To have success on any hilly golf course, you have to be able to accurately estimate yardages over sloped terrain. Judging how much shorter to play a downhill shot or how much longer to play an uphill one, including how an uneven lie will affect the ball flight, is critical at a place like Augusta National, where hardly any approach shot is unaffected by slope.
The good news for tour players is that every week they’re armed with a yardage book that tells them how many yards to add or subtract for elevation change. If a shot is 150 yards to the pin and the yardage book tells them it’s playing six yards uphill, the player knows to play it as a 156-yard shot. It’s simple math.
Well, that’s most players. Tiger Woods does not use adjusted yardages at all—for slope or for wind. He simply wants his caddie, Joe LaCava, to tell him the raw yardage to the pin. Everything else is at the discretion of the artist.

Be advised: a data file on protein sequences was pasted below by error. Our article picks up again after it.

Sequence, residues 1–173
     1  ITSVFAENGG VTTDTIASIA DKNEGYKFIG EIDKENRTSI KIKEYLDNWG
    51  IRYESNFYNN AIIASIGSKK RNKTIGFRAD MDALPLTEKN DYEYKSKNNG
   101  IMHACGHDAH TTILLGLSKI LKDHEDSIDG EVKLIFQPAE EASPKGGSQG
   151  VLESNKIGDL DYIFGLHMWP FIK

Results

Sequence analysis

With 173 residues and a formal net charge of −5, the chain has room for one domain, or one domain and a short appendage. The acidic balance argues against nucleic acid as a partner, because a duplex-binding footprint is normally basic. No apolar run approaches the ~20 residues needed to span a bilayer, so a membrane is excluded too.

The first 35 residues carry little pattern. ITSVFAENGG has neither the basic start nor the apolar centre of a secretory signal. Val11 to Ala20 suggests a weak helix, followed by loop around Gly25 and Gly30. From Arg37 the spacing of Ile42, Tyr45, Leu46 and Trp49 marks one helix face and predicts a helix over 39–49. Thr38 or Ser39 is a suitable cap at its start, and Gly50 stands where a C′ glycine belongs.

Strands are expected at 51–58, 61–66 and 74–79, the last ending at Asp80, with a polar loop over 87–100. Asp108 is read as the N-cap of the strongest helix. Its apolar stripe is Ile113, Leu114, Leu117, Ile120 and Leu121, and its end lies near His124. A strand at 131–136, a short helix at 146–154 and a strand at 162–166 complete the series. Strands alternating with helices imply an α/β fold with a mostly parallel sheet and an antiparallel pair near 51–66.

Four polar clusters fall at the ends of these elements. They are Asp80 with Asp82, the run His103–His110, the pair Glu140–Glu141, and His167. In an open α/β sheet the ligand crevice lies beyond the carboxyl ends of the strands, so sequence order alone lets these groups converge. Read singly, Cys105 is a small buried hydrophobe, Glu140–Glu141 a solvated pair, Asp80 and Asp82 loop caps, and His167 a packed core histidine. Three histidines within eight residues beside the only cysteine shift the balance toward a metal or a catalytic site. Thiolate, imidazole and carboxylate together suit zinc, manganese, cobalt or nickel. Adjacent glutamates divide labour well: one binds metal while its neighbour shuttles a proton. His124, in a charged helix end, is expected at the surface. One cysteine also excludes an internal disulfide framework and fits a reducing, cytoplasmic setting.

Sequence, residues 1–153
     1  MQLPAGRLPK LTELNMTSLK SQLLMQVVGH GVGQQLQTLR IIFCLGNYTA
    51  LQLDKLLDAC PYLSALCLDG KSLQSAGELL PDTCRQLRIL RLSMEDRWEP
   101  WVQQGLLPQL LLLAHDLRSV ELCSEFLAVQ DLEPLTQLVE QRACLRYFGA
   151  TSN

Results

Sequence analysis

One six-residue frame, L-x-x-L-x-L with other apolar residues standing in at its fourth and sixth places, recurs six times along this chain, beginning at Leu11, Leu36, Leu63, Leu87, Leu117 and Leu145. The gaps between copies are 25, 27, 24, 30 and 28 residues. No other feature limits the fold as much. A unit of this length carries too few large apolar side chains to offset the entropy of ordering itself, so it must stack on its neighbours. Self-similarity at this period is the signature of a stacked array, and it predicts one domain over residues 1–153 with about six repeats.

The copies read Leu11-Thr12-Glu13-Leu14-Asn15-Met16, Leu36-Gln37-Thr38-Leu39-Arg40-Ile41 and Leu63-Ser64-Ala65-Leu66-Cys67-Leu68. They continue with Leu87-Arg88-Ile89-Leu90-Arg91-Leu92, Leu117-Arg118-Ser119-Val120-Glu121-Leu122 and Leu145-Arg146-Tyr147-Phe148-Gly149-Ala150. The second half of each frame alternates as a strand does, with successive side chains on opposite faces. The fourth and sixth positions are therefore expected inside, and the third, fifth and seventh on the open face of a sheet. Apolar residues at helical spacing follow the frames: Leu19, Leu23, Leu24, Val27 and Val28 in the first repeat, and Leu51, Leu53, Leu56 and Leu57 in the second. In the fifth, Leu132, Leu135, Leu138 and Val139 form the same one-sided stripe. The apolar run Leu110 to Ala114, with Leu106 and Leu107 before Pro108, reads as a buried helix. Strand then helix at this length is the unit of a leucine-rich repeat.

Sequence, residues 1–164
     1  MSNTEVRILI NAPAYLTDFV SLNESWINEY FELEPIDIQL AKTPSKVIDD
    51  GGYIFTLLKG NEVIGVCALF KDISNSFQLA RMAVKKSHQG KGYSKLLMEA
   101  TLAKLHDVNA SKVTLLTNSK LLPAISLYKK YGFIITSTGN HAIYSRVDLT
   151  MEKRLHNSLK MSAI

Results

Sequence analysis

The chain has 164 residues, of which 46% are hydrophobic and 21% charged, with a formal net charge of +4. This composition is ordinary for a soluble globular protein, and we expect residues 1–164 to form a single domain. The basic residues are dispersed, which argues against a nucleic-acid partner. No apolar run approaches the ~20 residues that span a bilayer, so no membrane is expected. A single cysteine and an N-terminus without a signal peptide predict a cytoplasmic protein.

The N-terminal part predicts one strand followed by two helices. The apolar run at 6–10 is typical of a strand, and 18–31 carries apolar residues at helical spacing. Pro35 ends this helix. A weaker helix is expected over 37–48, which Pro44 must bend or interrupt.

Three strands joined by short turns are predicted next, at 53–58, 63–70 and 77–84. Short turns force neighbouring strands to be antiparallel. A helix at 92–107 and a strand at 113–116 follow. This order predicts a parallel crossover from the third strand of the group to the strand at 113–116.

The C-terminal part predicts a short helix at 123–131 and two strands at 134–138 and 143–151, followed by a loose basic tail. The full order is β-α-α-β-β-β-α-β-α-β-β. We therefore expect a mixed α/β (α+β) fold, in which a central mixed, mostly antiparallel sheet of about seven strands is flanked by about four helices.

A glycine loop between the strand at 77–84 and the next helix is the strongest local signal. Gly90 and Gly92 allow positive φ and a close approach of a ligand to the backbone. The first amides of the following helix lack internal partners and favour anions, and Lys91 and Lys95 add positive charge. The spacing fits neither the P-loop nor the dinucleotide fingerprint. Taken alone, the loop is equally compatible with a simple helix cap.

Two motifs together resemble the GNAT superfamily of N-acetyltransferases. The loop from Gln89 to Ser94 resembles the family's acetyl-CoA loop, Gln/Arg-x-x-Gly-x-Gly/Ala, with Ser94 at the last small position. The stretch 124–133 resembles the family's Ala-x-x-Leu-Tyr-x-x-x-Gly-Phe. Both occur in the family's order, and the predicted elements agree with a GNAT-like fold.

“For me, personally, I don’t do adjusted numbers,” Woods says in Episode 9 of “My Game: Tiger Woods—Shotmaking Secrets, Presented by Geico.” Woods explains: “I see it’s uphill, and I know the pin is back, so it’s going to play long. Or if it’s into the wind—yeah, Joey just gives me, hey, it’s 175. Okay, cool.
“We hear all the more modern players, and that’s all they go by: adjusted numbers. I really don’t have any formula for playing scenarios like that because I play so much on feel. I’ve always just looked at it and taken a little bit off or added a little bit more. That’s how I’ve done well, and that’s how I play.”
So next week, when Woods faces an uphill, 150-yard shot into an Augusta green, and it’s playing into a 15-mile-an-hour wind, you’ll know exactly how he arrived at his yardage. By feel.